Associated Press reported more than half of Clinton’s meetings with private individuals were with donors to the Foundation.
At least 85 of 154 people from private interests who met or had phone conversations scheduled with Clinton while she led the State Department donated to her family charity or pledged commitments to its international programs, according to a review of State Department calendars released so far to The Associated Press. Combined, the 85 donors contributed as much as $156 million. At least 40 donated more than $100,000 each, and 20 gave more than $1 million.
Donors who were granted time with Clinton included an internationally known economist who asked for her help as the Bangladesh government pressured him to resign from a nonprofit bank he ran; a Wall Street executive who sought Clinton’s help with a visa problem and Estee Lauder executives who were listed as meeting with Clinton while her department worked with the firm’s corporate charity to counter gender-based violence in South Africa.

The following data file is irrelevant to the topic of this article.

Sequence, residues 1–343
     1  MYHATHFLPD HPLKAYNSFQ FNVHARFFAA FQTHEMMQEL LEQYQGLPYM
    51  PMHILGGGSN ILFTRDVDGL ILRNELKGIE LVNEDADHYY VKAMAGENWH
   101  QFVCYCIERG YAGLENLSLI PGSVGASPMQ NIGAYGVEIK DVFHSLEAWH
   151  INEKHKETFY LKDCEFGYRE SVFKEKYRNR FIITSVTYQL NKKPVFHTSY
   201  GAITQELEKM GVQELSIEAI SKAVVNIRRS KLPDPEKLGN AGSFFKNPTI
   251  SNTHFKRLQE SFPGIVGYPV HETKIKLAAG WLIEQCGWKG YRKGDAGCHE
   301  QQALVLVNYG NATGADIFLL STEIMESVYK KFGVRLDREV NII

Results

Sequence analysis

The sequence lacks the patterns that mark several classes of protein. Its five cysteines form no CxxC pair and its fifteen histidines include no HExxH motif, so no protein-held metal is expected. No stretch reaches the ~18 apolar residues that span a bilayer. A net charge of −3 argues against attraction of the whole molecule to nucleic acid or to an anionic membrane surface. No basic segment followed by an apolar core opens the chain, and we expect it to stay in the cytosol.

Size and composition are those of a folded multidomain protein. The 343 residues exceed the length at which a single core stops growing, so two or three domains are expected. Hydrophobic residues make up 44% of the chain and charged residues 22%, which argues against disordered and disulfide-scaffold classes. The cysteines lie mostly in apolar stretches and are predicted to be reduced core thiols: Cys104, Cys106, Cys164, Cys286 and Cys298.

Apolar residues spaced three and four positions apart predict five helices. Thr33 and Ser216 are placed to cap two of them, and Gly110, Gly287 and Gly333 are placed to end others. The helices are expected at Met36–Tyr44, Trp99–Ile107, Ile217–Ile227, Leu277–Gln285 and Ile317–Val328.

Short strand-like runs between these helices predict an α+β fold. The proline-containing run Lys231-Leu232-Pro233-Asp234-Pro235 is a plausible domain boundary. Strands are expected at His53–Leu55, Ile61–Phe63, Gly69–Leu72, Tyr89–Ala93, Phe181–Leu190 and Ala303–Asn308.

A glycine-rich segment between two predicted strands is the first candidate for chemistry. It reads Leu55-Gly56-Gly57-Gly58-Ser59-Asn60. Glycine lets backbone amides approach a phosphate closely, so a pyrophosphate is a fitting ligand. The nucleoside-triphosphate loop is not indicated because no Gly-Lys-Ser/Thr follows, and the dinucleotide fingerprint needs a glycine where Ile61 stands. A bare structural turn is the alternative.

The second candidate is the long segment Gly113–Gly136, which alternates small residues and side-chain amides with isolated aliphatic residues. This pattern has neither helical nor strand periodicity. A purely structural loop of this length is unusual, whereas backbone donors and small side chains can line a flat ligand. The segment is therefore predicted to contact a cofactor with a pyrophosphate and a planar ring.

The meetings between the Democratic presidential nominee and foundation donors do not appear to violate legal agreements Clinton and former president Bill Clinton signed before she joined the State Department in 2009. But the frequency of the overlaps shows the intermingling of access and donations, and fuels perceptions that giving the foundation money was a price of admission for face time with Clinton. Her calendars and emails released as recently as this week describe scores of contacts she and her top aides had with foundation donors.
Editor Ben Mathis-Lilley at typically Clinton sycophantic Slate allowed that the frequency as reported by AP was “not flattering for Hillary”, and that: